Overall like the curates egg, I thought it was good in parts, and I wondered whether the characterisations that I admired were a standard part of the production or more likely given the whole staging, attributes of some of the individual singers in this particular revival of the production.

Customer Reviews

Based on 1 review
0%
(0)
0%
(0)
100%
(1)
0%
(0)
0%
(0)
P
Peter Henson
Turandot: A curates egg.

I did not like the production at all, but the singing and a lot of the acting was superb. Turandot was far more human than normally played so that you could see the frightened woman behind the imperious princess, and that she was terrified of men. At the same time Calaf briefly caught her eye the very first time they were on stage together, which indicated that there was an attraction from the beginning.. Lieu was very moving and received a much deserved ovation from the audience, while Calaf was the weakest of the three, not because it was a bad performance but because it was ordinary in a performance where the other two major principals were exceptional. Ping, Pang and Pong were more interesting than usual with well developed personalities and their scene at the beginning of Act 2 was touching. Placing the chorus in a theatre at the back of the stage annoyed me because it cut them out of the action. The Persion Prince as a child made no sense. He didn't look old enough to have ravaged Turandot if he had answered the three riddles, and I think you feel sympathetic to all of Turandot's victims, and not any more so because he is a child. I hate masked singers or actors on stage because it makes it very difficult for them to portray any emotional sense, and I was glad that Turandot removed hers in key scenes because it made her more real as a person. At the same time the staging and performances on the whole seemed be trying to make the characters remote from the audience. I thought the costumes were okay without any attempt to indicate the social class differences of the cast, and didn't convey any of the magnificence normally present in this opera.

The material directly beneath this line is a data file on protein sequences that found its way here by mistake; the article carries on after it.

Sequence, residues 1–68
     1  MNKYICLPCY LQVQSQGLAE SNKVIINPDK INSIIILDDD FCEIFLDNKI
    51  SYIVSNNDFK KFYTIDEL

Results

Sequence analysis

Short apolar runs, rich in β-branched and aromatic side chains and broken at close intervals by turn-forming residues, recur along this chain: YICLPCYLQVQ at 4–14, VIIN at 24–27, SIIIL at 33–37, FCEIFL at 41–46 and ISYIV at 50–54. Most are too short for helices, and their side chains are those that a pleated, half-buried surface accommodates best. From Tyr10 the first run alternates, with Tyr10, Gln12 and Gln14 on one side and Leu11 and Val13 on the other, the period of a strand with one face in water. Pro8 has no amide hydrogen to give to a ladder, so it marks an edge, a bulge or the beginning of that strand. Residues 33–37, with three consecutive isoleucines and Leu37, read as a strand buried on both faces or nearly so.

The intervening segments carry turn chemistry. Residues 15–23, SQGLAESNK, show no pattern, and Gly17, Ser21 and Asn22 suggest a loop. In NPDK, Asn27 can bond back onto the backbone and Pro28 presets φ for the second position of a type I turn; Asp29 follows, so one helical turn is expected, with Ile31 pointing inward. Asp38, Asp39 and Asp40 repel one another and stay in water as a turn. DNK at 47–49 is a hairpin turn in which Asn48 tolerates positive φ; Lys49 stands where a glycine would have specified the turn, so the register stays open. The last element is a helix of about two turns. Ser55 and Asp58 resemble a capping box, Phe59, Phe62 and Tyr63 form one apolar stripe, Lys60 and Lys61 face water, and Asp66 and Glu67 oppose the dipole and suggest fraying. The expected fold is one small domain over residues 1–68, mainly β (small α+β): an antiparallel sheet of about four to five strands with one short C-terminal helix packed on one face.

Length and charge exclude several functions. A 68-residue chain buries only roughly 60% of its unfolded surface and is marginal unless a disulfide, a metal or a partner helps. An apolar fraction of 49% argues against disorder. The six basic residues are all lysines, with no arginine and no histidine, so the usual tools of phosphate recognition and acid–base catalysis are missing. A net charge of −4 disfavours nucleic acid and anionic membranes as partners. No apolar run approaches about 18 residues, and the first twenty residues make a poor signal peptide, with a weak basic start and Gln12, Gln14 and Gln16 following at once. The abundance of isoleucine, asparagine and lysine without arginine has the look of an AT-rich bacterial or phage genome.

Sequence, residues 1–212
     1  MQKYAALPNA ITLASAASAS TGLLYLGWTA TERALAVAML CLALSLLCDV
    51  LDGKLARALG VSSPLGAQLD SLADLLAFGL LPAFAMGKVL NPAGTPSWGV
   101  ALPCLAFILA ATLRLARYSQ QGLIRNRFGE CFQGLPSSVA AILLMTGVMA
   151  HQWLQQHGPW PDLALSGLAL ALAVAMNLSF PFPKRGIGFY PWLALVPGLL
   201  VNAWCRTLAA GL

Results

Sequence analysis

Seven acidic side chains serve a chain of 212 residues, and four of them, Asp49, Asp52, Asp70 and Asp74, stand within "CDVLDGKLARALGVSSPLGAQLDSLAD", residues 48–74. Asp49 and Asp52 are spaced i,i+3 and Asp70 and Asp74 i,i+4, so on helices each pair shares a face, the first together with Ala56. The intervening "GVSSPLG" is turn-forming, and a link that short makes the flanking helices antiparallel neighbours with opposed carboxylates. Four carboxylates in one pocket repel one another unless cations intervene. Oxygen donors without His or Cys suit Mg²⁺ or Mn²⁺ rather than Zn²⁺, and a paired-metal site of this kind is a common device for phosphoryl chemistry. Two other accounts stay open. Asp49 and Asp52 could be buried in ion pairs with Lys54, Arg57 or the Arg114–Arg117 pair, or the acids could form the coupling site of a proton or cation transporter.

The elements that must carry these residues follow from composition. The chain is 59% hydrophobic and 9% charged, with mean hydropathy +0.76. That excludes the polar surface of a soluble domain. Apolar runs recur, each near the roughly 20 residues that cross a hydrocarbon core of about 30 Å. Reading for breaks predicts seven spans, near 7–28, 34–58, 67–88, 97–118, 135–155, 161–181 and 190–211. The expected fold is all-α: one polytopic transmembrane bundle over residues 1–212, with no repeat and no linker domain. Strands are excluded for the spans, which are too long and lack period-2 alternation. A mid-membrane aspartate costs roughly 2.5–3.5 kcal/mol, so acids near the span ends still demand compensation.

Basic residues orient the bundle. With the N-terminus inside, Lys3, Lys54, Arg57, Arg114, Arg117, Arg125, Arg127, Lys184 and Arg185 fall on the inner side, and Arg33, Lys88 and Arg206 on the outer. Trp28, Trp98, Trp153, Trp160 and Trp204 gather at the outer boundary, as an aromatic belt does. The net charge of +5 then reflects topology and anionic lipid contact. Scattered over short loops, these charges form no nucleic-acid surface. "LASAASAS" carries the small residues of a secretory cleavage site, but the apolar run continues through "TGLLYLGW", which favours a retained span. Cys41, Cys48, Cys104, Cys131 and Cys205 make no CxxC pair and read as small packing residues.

Overall like the curates egg, I thought it was good in parts, and I wondered whether the characterisations that I admired were a standard part of the production or more likely given the whole staging, attributes of some of the individual singers in this particular revival of the production.